I will protect your pensions. Nothing about your pension is going to change when I am governor. - Chris Christie, "An Open Letter to the Teachers of NJ" October, 2009

Sunday, July 7, 2013

The Summer of Our Discontent

Once again, let's play Spot The Pattern™! Can you spot the pattern in these education stories [all emphases mine]?

Story #1 is from Newark, NJ:
Eight months after negotiating “performance bonuses” funded by a Facebook fortune, Newark Teachers Union President Joseph Del Grosso was re-elected Tuesday by a margin of nine votes. A challenger slate that’s drawn inspiration from the Chicago Teachers Union captured seventeen of the twenty-nine seats on the NTU’s executive board, while barely falling short in its bid to oust Del Grosso. The new and old union officers will be sworn in together this afternoon, setting the stage for further conflict over the union’s orientation towards a nationally ascendant education reform agenda.
“There was no overwhelming mandate for either slate,” Del Grosso told The Nation Thursday. He charged that his opponents “gave out a lot of bad erroneous information to the members” during the campaign, and said that having captured a majority of the board, “they’ll learn about unionism from the inside. So sometimes it’s nice to have people who like throwing rocks at people that are on the inside, actually be inside” themselves. Teacher Branden Rippey, a leader of the competing NEW Caucus who was Del Grosso’s opponent in Tuesday’s election, countered, “I think he and other union leaders like him feed right into the corporate reform agenda, if they have not collaborated with it.”
As I reported for In These Times in October, the Newark contract deal was celebrated by Republican Governor Chris Christie and by American Federation of Teachers President Randi Weingarten, who called the deal “a system of the future” and an example “that collective bargaining really works.” In contrast, Rippey told The Nation that the deal “basically is a complete capitulation to the corporate agenda.”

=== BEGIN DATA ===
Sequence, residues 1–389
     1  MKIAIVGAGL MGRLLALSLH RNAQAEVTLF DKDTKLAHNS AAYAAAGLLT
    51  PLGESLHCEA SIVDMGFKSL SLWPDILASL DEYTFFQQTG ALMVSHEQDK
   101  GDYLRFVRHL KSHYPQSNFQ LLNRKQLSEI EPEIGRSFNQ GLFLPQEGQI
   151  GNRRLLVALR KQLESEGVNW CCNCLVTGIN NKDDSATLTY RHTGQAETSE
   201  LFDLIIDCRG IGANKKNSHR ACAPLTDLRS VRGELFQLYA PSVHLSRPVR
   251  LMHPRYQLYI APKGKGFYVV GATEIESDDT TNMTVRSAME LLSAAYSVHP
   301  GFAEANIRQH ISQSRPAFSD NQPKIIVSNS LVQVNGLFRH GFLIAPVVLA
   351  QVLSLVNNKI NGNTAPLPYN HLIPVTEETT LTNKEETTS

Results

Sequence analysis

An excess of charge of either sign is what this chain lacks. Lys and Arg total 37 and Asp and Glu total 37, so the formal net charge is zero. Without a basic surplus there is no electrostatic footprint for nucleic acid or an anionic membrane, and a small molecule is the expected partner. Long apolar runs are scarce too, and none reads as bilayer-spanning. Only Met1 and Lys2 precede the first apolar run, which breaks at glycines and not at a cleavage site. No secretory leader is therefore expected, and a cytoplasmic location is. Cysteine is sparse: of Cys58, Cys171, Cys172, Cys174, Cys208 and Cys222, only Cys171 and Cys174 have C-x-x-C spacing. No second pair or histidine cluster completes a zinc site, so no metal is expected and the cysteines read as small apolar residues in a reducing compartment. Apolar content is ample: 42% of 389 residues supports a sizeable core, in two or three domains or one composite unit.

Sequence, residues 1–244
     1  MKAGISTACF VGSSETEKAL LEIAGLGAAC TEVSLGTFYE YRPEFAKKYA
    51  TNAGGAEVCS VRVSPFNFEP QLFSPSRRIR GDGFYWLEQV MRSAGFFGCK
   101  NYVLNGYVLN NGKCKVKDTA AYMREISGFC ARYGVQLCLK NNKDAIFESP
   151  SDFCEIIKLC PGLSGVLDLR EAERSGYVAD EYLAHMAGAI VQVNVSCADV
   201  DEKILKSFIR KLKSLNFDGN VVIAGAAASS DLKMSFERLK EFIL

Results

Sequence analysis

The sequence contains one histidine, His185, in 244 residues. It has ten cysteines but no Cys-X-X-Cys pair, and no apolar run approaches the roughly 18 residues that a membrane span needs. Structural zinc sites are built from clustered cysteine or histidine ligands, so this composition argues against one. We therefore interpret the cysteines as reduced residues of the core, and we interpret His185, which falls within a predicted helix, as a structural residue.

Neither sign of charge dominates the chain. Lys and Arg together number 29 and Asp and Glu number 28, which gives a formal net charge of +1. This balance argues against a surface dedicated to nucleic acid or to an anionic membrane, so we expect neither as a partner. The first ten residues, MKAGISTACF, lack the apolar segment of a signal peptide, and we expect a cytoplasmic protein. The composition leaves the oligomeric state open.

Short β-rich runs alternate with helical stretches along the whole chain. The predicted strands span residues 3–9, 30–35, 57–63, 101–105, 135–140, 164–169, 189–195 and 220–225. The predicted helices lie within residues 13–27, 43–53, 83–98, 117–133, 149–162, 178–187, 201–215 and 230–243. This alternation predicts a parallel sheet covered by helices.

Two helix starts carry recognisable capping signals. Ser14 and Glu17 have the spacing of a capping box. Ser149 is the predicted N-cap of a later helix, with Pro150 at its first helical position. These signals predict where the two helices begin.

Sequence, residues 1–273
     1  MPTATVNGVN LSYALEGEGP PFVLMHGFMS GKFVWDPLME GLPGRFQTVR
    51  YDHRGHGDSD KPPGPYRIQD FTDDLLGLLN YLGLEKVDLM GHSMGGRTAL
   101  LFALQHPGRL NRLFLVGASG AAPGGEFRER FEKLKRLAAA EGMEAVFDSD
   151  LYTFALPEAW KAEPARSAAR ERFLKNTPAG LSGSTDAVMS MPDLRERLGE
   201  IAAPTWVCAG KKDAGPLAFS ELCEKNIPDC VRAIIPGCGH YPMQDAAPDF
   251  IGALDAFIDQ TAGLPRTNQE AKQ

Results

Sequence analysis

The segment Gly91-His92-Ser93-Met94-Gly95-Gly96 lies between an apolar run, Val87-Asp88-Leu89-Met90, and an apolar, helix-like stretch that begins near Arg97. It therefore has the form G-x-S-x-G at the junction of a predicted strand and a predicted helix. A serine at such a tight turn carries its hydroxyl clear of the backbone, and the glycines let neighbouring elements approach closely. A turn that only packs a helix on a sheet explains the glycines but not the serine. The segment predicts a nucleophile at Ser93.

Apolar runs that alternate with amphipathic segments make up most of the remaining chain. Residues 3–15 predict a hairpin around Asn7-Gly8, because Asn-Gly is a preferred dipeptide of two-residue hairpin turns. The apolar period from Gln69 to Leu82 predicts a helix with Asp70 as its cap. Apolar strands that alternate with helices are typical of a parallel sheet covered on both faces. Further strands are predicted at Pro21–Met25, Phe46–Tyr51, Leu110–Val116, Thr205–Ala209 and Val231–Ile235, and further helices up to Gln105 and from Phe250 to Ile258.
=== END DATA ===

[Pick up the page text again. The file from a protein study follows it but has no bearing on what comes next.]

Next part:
Tuesday’s NTU election follows April’s leadership election in the AFT’s largest local, New York’s United Federation of Teachers. In both cases, incumbents survived challenges from caucuses demanding more aggressive opposition to the mainstream “education reform” agenda backed by billionaires like Zuckerberg. Both Newark’s NEW Caucus and New York’s MORE Caucus have taken inspiration from the Congress of Rank and File Educators, a caucus that seized control of the Chicago Teachers Union in a 2010 election and then mounted last summer’s week-long strike.
Like Chicago’s CORE Caucus, Rippey said NEW plans to use its foothold on the executive board to push for greater democracy in the union, to re-engage members and to build deeper ties to the broader community in Newark. “We’re not trying to just be a bread-and-butter union,” said Rippey. “We’re trying to make society better for everyone.” Rippey said that he sees “little bubbles” of such teacher unionism “starting to bubble up in different parts of the country.” But “I think we’re only about 5 percent of the way to building a movement.”
Story #2 comes from Washington, D.C.:
Washington Teachers’ Union members voted Monday evening to unseat their incumbent president in favor of a candidate who promised to more forcefully challenge school system management.
Veteran teacher and WTU activist Elizabeth Davis defeated Nathan Saunders with 55 percent of the vote in what both candidates said would be a game-changing election for the union, which is negotiating a new contract.“It was a referendum on many fronts,” said Saunders, who received 380 votes to Davis’s 459. “They want more aggressive change than what I was dishing out.”
Saunders was elected in 2010 after accusing then-WTU President George Parker of being too cozy with management. In office, Saunders sought to strike a cooperative relationship with Henderson, an approach he said was necessary to stay relevant and push for teachers’ interests at a time of nonunionized charter schools’ quick growth.
Davis, a longtime WTU activist, said Saunders ignored teachers who wanted a stronger voice pushing back against some of Henderson’s decisions, including her closure of 15 schools and her use of “reconstitution,” in which all teachers at a school must reapply for their jobs.
We do not plan to be a roadblock to school reform or play to the stereotype of a union that blocks improvements, but we do not plan to be silent” on such issues, Davis said.
Story #3 is Anthony Cody's report on the National Education Association's Representative Meeting last week in Atlanta, where implementation of the Common Core was a hot topic: